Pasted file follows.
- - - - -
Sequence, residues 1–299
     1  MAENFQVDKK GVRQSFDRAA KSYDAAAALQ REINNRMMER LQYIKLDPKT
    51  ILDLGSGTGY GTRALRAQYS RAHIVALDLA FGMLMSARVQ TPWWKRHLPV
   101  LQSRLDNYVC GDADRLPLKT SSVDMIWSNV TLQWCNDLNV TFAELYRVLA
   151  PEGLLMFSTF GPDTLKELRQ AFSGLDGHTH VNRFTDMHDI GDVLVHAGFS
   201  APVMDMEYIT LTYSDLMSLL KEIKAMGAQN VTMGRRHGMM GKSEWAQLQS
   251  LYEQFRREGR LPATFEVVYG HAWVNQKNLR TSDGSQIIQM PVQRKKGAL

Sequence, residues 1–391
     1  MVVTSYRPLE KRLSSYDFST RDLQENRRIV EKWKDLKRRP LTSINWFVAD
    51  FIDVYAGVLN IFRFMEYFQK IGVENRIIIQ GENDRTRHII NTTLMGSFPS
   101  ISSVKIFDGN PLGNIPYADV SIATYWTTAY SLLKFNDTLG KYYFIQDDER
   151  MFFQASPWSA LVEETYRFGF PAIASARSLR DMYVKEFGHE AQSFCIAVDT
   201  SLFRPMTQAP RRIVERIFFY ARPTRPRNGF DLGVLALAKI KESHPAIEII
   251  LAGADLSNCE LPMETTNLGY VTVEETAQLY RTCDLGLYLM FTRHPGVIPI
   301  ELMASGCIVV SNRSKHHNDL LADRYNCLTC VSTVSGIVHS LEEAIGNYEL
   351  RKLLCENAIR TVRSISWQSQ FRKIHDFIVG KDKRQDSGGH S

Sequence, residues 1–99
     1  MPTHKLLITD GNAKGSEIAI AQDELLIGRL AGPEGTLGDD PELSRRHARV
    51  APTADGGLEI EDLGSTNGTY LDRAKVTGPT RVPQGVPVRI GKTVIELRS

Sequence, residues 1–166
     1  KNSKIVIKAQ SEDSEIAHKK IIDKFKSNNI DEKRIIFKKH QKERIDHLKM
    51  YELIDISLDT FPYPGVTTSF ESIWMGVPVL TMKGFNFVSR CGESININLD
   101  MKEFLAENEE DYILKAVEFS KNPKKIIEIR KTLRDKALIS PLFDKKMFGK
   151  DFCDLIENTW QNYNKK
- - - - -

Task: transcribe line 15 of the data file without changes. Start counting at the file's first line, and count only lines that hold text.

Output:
   301  ELMASGCIVV SNRSKHHNDL LADRYNCLTC VSTVSGIVHS LEEAIGNYEL